11. 11. Other Antivirals amantadine (Symmetrel) and rimantadine (Flumadine) • influenza A foscarnet (Foscavir) • CMV (retinitis and systemic) Neuraminidase Inhibitors: oseltamivir (Tamiflu) and zanamivir (Relenza) • influenza types A and BCopyright © 2002, 1998, Elsevier Science (USA). All rights reserved.
  12. 12. Antivirals: Side Effects acyclovir • Burning when topically applied, nausea, vomiting, diarrhea, headache amantadine and rimantadine • Anticholinergic effects, insomnia, lightheadedness, anorexia, nausea didanosine (ddl) • Pancreatitis, peripheral neuropathies, seizuresCopyright © 2002, 1998, Elsevier Science (USA). All rights reserved.
  13. 13. Antivirals: Side Effects zidovudine (AZT) • Bone marrow suppression, nausea, headache foscarnet (Foscavir) • Headache, seizures, acute renal failure, nausea, vomiting, diarrhea ganciclovir (Cytovene) • Bone marrow toxicity, nausea, anorexia, vomitingCopyright © 2002, 1998, Elsevier Science (USA). All rights reserved.
  14. 14. Antivirals: Nursing Implications • Before beginning therapy, thoroughly assess underlying disease and medical history, including allergies. • Assess baseline VS and nutritional status. • Assess for contraindications, conditions that may indicate cautious use, and potential drug interactions.Copyright © 2002, 1998, Elsevier Science (USA). All rights reserved.
  15. 15. Antivirals: Nursing Implications • Be sure to teach proper application technique for ointments, aerosol powders, etc. • Emphasize hand washing before and after administration of medications to prevent site contamination and spread of infection. • Patients should wear a glove or finger cot when applying ointments or solutions to affected areas.Copyright © 2002, 1998, Elsevier Science (USA). All rights reserved.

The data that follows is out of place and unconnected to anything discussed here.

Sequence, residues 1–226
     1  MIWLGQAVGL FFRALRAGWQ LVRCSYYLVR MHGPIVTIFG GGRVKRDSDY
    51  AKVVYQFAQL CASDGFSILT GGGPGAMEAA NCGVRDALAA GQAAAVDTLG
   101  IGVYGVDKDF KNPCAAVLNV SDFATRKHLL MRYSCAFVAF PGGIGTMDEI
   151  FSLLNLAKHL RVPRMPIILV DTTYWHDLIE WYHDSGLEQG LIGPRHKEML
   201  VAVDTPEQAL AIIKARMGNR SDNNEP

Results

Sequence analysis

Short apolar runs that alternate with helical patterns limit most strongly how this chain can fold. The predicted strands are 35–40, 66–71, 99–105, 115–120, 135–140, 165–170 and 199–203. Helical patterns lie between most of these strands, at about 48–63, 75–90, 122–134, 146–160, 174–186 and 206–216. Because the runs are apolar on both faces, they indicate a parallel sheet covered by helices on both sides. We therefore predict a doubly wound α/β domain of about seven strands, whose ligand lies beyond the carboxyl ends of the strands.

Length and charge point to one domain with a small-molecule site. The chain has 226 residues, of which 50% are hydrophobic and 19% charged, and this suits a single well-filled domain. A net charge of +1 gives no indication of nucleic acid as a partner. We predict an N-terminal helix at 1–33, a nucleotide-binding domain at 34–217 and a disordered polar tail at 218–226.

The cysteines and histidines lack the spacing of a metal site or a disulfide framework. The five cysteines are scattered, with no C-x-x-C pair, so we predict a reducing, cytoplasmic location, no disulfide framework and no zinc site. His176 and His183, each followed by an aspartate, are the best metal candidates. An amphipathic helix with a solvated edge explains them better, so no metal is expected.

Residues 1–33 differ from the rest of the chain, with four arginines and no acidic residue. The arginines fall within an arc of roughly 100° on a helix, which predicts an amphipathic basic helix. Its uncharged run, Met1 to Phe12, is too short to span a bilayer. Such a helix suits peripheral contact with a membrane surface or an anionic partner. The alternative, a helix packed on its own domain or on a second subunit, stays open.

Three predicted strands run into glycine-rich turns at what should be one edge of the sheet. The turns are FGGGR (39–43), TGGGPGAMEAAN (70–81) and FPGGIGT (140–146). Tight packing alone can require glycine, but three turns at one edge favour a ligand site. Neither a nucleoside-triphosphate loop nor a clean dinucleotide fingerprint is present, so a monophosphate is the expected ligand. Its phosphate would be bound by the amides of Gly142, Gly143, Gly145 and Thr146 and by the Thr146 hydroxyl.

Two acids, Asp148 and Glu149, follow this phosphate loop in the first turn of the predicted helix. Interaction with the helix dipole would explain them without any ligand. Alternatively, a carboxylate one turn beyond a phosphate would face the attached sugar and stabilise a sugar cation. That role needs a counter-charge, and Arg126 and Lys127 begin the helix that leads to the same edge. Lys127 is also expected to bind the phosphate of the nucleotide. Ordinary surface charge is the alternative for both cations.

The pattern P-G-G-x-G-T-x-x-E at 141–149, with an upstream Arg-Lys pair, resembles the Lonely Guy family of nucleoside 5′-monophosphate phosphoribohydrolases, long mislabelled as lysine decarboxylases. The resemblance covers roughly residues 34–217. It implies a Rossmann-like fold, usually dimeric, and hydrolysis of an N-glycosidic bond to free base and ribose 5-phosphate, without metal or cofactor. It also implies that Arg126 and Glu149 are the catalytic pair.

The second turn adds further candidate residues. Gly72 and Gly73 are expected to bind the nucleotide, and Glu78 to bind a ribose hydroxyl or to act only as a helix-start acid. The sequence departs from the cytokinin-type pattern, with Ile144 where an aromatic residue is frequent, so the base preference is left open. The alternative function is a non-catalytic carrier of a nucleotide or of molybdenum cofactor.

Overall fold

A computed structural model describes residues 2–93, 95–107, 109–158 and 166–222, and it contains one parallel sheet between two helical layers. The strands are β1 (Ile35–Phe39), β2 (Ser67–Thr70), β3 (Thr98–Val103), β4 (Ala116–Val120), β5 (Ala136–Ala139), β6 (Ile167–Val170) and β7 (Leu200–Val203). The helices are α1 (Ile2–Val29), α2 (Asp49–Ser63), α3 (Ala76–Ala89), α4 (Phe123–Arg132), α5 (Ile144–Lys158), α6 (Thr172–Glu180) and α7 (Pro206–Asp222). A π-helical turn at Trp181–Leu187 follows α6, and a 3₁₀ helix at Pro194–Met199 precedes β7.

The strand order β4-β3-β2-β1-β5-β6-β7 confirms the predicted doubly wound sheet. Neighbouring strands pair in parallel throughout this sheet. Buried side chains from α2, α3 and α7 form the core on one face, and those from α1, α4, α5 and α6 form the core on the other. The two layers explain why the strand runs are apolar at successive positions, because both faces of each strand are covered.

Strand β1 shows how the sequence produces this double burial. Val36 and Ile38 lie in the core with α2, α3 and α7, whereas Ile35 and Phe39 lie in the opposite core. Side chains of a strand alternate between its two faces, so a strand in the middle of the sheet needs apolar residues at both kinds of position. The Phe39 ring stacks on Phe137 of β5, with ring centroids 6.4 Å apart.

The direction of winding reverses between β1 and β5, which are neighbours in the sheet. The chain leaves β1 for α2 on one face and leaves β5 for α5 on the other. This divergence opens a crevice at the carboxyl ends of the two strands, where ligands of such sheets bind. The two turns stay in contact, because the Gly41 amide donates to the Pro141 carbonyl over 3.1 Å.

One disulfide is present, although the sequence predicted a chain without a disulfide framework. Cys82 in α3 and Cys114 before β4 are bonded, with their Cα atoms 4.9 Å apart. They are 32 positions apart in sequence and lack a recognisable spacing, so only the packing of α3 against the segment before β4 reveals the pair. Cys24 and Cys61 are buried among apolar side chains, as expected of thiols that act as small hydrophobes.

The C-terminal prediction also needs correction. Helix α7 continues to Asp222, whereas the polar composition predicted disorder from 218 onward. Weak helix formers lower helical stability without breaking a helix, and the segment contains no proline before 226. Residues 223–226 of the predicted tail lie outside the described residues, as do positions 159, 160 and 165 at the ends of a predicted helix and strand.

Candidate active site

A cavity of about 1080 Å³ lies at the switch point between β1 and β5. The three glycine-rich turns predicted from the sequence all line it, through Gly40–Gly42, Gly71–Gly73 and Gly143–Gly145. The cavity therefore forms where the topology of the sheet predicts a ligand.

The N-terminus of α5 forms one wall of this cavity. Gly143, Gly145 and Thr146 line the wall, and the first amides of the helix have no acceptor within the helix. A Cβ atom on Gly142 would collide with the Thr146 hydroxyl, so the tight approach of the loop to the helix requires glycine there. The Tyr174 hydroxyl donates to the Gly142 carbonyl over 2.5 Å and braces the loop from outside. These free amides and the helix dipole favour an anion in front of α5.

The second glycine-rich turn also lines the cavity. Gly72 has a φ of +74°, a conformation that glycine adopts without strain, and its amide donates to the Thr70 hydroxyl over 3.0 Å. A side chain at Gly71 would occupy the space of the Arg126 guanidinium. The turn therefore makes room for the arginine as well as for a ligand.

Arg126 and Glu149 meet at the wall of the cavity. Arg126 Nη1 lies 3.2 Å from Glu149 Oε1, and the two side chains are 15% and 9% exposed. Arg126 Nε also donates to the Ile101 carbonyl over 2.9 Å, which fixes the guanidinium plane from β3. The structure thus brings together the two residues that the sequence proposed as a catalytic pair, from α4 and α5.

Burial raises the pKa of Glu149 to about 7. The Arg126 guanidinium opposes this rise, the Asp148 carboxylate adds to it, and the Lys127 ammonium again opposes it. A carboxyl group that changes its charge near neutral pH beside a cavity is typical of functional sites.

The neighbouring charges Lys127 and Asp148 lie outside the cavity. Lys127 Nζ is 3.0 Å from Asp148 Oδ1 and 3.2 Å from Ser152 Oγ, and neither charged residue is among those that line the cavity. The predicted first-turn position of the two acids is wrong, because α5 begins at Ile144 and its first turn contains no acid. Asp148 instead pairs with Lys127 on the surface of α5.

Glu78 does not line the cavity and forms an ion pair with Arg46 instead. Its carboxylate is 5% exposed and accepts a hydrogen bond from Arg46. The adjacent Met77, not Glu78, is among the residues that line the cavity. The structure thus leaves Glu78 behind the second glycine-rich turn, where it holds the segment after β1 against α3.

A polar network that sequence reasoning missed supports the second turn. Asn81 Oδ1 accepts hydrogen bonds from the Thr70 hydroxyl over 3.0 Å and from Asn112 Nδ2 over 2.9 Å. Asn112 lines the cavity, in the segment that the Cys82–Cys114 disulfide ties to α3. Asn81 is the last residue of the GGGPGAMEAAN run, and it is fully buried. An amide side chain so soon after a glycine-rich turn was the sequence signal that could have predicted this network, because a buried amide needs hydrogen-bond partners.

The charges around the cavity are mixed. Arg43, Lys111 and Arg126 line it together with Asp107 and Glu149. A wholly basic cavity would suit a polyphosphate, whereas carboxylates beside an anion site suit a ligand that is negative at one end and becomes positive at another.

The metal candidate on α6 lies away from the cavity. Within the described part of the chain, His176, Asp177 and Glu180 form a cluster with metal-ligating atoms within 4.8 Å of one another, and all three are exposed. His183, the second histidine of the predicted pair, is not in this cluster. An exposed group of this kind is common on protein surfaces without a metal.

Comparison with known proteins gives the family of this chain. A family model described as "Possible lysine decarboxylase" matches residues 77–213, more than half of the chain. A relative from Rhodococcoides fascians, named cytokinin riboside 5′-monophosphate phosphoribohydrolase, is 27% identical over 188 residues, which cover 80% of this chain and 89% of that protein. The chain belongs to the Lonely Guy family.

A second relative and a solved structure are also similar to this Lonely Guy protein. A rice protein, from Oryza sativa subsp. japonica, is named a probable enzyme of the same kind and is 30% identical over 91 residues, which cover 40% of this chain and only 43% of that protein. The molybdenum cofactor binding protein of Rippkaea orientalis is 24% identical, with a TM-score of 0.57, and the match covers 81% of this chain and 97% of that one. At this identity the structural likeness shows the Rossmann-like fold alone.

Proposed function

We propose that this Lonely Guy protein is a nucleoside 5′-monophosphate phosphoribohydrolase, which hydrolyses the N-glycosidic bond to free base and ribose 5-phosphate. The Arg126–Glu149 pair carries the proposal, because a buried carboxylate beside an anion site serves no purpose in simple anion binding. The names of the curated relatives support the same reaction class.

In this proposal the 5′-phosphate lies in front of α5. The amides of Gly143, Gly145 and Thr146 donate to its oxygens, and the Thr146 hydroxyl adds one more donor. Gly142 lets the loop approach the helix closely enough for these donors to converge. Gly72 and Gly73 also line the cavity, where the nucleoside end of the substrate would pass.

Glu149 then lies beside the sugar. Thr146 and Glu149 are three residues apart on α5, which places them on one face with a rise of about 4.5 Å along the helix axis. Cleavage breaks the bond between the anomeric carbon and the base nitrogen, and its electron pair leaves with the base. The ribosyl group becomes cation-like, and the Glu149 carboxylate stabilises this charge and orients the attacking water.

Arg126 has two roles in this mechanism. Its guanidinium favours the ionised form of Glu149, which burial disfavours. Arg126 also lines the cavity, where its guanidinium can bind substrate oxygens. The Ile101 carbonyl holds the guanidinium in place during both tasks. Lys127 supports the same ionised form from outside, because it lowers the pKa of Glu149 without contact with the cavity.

16. 16. Antivirals: Nursing Implications • Instruct patients to consult their physician before taking any other medication, including OTC medications. • Emphasize the importance of good hygiene. • Inform patients that antiviral agents are not cures, but do help to manage symptoms.Copyright © 2002, 1998, Elsevier Science (USA). All rights reserved.
  17. 17. Antivirals: Nursing Implications • Instruct patients on the importance of taking these medications exactly as prescribed and for the full course of treatment. • With zidovudine: • Inform patients that hair loss MAY occur so that they are prepared for this rare adverse reaction. • This medication should be taken on an empty stomach.Copyright © 2002, 1998, Elsevier Science (USA). All rights reserved.
  18. 18. Antivirals: Nursing Implications Monitor for side effects: • effects are varied and specific to each agentCopyright © 2002, 1998, Elsevier Science (USA). All rights reserved.
  19. 19. Antivirals: Nursing Implications Monitor for therapeutic effects: • effects will vary depending on the type of viral infection • Effects range from delayed progression of AIDS and ARC to decrease in flu-like symptoms, decreased frequency of herpes-like flare-ups, or crusting over of herpetic lesions.Copyright © 2002, 1998, Elsevier Science (USA). All rights reserved.